For senior investors, a financial advisor should be the key to detecting suspicious activity on money accounts, such as overly aggressive investments or unusual asset movements. Investment fraud targeting unsuspecting seniors can wreak havoc on a retirement nest egg.
SIFMA recently partnered with FINRA, hosting a Senior Investor Protection Conference that focused on strategies and solutions to help financial advisors strengthen their roles as the first line of defense against threats to their senior clients.
Lisa Bleier, SIFMA managing director and associate general counsel, discussed with FOXBusiness.com what both advisors and investors should know when it comes to protecting retirement funds.
Boomer: What red flags should financial advisors look for that can signal when seniors are becoming the victims of investment fraud?
Bleier: In protecting their senior clients, financial advisors see a variety of red flags. Some include social changes, such as a new love interest the client wants to spend significant money on. Some flags are physical, such as increased reliance on someone to take care of them. Some are cognitive or behavioral, such as a sharp change in investment style; atypical or excessive withdrawals; changes in a client’s appearance or personal hygiene; or tasks taking longer than they usually do.
Of course, red flags can be circumstantial. Perhaps a client with limited mobility is increasingly reliant on a caretaker, or their new love is just that. That’s why advisors must look at each case holistically.
Unfortunately, the most common threats come from those close to the client and go unreported, which can make identifying problems difficult. In fact, a NY State study found that roughly 67% of verified cases were committed by family members.
That is why advisors are careful to learn about those around the investor. A request to withdraw a large sum of money for a family member never previously mentioned by the senior investor or a friend who has taken a newfound interest, may be indicators that asking additional questions might be helpful.
Boomer: How can seniors help protect themselves?
Bleier: Knowledge is power. The more seniors know about the types of scams, the less likely they are to fall victim. Types of scams include online dating scams, tech support scams when the caller pretends to be from a well-known company needing access to your computer only to steal your information, or the “you’ve won” scam where you are asked to pay a fee or give account numbers to gain a prize.
The annual national financial loss to senior scams is about $2.9 billion in cases that are reported by newspapers and other media outlets. The risk could rise as our senior population grows. To prevent loss, seniors should speak to their financial advisors for information or visit sites like www.sifma.org/seniorinvestors or www.wiserwomen.org to learn more. SIFMA’s booklet on common scams can be downloaded for free.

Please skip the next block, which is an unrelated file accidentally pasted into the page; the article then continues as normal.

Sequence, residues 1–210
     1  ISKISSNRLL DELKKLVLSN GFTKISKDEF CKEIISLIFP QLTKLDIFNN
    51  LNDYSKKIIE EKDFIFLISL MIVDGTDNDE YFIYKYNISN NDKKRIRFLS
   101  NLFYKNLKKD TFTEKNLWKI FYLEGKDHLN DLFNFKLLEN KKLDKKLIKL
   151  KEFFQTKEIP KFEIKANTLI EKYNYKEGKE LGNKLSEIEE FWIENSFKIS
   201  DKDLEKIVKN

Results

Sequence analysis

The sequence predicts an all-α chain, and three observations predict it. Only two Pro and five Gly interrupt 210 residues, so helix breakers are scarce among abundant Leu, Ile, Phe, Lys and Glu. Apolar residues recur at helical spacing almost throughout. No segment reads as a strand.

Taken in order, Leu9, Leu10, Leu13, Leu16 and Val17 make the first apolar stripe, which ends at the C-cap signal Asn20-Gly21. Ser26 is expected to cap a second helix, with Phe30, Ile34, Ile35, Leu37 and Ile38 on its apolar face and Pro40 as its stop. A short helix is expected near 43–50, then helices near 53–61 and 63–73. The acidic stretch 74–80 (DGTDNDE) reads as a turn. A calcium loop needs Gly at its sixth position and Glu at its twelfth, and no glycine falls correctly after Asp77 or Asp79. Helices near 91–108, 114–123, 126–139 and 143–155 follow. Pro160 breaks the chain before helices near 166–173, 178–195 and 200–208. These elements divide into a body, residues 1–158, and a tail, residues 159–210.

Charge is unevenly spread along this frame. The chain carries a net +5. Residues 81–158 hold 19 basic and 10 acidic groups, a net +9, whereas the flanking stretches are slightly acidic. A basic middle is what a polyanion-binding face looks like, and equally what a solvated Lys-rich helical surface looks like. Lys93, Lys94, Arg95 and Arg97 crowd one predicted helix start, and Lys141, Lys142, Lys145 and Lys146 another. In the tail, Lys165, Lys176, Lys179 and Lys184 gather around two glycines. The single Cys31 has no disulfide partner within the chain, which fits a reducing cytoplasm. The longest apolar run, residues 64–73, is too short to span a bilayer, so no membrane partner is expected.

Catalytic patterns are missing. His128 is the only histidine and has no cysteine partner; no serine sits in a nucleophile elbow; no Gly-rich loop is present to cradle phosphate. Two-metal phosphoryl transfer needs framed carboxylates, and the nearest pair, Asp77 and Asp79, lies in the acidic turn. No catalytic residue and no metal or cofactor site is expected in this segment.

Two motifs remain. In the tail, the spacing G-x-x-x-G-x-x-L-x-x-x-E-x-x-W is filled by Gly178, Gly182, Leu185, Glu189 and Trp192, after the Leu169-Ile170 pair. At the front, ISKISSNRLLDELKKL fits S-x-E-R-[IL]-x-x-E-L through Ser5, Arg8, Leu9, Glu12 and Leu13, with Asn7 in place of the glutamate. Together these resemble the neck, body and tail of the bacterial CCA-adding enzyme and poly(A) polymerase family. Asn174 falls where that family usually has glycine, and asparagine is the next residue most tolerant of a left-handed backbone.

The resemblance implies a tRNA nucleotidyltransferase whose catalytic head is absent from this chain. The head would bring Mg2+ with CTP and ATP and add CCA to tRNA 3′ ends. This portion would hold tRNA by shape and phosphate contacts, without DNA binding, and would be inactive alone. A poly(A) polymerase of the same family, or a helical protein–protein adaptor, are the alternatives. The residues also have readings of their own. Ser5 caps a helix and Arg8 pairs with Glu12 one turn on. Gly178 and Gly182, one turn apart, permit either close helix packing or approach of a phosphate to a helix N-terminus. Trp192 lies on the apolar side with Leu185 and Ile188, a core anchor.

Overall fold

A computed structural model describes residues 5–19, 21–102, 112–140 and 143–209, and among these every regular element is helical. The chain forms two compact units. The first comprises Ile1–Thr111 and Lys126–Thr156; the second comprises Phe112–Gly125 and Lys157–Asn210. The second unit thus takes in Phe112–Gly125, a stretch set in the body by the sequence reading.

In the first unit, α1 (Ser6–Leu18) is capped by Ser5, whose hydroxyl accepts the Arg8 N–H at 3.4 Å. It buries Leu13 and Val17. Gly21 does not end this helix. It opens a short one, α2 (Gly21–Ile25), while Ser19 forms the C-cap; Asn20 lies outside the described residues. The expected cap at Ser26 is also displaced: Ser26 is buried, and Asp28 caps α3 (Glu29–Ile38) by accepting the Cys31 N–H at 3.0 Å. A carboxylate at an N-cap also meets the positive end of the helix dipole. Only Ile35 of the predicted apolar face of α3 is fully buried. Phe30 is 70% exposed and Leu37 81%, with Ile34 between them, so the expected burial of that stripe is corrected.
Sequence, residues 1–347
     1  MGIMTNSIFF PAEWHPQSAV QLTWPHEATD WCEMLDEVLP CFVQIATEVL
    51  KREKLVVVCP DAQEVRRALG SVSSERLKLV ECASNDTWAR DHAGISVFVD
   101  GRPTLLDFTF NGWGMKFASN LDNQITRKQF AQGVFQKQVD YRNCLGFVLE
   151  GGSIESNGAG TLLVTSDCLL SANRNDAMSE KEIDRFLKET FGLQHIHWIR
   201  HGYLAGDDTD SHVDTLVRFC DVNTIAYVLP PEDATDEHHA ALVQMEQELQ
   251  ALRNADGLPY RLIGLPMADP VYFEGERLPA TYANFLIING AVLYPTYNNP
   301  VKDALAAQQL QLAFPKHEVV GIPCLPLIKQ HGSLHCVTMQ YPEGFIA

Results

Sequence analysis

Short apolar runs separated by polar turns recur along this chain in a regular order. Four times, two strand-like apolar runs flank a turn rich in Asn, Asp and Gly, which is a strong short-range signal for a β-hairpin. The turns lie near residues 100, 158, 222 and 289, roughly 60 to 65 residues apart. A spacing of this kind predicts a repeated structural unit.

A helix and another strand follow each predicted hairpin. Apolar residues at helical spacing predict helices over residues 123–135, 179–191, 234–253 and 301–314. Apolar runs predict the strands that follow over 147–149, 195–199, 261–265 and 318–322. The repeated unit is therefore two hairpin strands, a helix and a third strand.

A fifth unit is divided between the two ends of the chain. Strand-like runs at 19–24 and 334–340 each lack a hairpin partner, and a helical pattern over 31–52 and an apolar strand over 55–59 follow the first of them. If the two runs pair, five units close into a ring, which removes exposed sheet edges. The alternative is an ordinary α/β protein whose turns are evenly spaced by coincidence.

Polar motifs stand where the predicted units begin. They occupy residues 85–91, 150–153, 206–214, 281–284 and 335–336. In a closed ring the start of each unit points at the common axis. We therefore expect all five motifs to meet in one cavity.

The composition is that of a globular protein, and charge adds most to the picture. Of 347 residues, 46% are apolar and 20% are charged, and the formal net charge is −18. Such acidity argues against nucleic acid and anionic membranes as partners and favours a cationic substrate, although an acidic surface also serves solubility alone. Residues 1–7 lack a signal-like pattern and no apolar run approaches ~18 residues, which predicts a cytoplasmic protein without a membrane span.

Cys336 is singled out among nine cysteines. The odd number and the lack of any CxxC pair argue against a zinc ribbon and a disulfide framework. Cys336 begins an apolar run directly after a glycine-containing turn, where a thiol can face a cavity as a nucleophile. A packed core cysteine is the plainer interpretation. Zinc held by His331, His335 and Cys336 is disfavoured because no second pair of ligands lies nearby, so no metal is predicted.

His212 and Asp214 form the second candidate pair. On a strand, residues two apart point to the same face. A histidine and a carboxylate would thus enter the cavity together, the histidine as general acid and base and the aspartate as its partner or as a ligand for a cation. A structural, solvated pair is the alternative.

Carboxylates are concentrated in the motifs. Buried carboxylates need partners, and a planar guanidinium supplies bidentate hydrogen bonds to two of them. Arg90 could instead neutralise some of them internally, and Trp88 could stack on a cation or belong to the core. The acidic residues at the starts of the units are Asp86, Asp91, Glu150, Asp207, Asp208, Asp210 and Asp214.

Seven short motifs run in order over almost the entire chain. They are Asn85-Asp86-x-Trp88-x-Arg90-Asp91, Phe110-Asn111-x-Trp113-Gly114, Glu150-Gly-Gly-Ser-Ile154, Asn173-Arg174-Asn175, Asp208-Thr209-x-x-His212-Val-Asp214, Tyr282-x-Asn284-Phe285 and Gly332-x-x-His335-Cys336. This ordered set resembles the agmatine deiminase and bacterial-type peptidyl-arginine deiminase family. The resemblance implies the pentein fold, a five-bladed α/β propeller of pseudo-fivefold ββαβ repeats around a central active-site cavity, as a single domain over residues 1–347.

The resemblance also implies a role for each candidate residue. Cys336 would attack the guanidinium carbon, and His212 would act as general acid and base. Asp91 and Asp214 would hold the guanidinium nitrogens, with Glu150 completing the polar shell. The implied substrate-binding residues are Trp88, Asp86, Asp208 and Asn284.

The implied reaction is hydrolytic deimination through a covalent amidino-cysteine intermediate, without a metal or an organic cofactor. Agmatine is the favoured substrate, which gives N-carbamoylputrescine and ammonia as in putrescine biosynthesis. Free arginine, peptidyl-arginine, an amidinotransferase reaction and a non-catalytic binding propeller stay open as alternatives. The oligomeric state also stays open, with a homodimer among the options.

Boomer: What should aging investors look for in a financial advisor?
Bleier: It depends on the person. There are a wide variety of advisors and brokerage firms, so the person should first decide what they’re looking for in an advisor: do they want help picking investments, estate-planning advice, help financing a specific goal, or something self-directed?
Regardless of who the investor chooses, they should always check their background and registration status on the SEC’s investor.gov, make sure their advisor is authorized to contact trusted individuals in case of an emergency or exploitation and that they have all necessary documents - powers of attorney, etc. - in place.
Boomer: What should seniors know about the Senior$afe Act?
Bleier: The Senior$afe Act would help give financial professionals the tools they need to protect senior clients by allowing firms to disclose cases of potential senior financial exploitation to certain agencies without fear of legal ramifications. SIFMA supports how this legislation encourages advisors and firms to communicate with the appropriate agencies, such as law enforcement and adult protective services, when they suspect financial exploitation, as well as encourages firms to offer employee training. We remain optimistic that this bill will become law by the end of the year.
Boomer: What new training is being offered to advisors working with senior investors?
Bleier: The financial services industry has offered robust training programs for financial advisors for decades. In the last decade, as the science around aging has taken off, many firms have been working collaboratively with academic experts, neurologists, and other key stakeholders to better understand aging and deliver innovative, evidence-driven approaches to their senior investor protection trainings. These trainings can include advice on how to ask a client to provide a “trusted contact”, outline procedures for escalation of suspicious cases, and how to speak to a client - for example, one tip is to make sure you’re not speaking at a higher register than normal. It’s also important to recognize that firms aren’t training just their advisors, but all employees in contact with the client. As threats to seniors evolve and increase, so do the practices of the financial services industry to better protect the investments of our aging clients.